You are using an outdated browser. Please upgrade your browser to improve your experience.

Earthquake in Japan separtes siblings.

But nothing at her work has been as difficult as learning about the March 11 earthquake and tsunami in Japan

As an American Red Cross employee Carrol Barrett tackles unknown situations every day. She has done so for the 25 years she’s been a Red Crosser. But nothing at her work has been as difficult as learning about the March 11 earthquake and tsunami in Japan, and then waiting to hear from her two brothers who live in Tokyo and travel throughout the area with their respective jobs.

When the siblings did reach each other, the news was good. Barrett’s brother Paul Hoshizaki reported that he was safe in Tokyo where the quake registered 5.0 on the Richter scale. The day of the quake all transportation came to a standstill. “It took Paul two-and-a-half hours to walk home, along with millions of other walkers,” Barrett reports. When Paul did reach home, he found a few broken items inside, but no damage to the structure of the house. Barrett says she worries now about the availability of food and gasoline for her brother in Tokyo, even though there has been nothing in the news to make her anxious. She says her brother, who works for the Japanese Evangelical Lutheran Association, is caught up in coordinating response with other non-governmental organizations and hasn’t contacted her recently.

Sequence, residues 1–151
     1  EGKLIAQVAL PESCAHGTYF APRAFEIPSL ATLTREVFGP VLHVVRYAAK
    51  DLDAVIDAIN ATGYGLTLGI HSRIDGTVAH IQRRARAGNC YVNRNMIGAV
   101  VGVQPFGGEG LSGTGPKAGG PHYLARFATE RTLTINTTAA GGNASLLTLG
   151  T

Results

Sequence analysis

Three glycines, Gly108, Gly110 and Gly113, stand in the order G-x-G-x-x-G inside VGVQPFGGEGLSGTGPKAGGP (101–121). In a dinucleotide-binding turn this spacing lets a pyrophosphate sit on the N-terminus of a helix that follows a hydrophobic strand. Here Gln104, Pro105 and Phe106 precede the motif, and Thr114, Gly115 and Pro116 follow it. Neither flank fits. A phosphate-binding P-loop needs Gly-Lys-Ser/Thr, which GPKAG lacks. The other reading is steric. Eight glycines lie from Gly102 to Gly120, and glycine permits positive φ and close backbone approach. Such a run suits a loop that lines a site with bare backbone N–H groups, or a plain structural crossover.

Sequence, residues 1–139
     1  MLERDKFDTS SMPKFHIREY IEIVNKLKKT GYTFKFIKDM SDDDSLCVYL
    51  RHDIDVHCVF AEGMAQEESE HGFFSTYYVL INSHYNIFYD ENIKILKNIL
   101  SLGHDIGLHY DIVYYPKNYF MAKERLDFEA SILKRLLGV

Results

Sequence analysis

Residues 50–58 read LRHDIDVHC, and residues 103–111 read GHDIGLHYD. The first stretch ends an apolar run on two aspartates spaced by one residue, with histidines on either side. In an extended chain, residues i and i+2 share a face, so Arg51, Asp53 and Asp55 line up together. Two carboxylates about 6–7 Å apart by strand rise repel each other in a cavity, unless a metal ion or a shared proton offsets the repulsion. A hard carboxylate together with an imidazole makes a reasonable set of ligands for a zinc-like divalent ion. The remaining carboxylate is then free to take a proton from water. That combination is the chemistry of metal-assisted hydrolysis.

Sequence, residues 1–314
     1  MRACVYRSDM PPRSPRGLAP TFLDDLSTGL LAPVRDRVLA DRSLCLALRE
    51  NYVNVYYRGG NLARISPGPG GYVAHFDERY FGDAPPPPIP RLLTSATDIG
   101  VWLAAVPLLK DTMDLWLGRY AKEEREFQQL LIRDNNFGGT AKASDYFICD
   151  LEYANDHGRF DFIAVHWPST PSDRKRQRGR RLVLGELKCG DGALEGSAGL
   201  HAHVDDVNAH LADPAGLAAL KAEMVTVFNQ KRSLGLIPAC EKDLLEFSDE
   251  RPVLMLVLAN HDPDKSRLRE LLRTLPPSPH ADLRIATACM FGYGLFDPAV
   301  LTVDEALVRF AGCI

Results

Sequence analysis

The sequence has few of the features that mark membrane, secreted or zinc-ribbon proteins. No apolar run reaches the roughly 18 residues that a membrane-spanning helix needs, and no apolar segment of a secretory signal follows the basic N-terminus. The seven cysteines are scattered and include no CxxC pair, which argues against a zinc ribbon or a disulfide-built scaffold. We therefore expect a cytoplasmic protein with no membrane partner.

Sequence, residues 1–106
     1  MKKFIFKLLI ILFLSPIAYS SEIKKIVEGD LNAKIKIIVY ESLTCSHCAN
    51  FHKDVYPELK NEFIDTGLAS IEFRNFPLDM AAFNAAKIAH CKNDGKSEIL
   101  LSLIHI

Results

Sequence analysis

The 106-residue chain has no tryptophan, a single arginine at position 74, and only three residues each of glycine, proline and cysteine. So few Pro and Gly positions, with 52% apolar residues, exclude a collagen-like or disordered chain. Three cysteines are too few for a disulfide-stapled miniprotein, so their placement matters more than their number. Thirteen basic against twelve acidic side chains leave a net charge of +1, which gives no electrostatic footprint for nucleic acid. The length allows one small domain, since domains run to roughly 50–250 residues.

About the American Red Cross:
The American Red Cross shelters, feeds and provides emotional support to victims of disasters; supplies about 40 percent of the nation's blood; teaches skills that save lives; provides international humanitarian aid; and supports military members and their families. The Red Cross is a not-for-profit organization that depends on volunteers and the generosity of the American public to perform its mission. For more information, please visit redcross.org or cruzrojaamericana.org, or visit us on Twitter at @RedCross.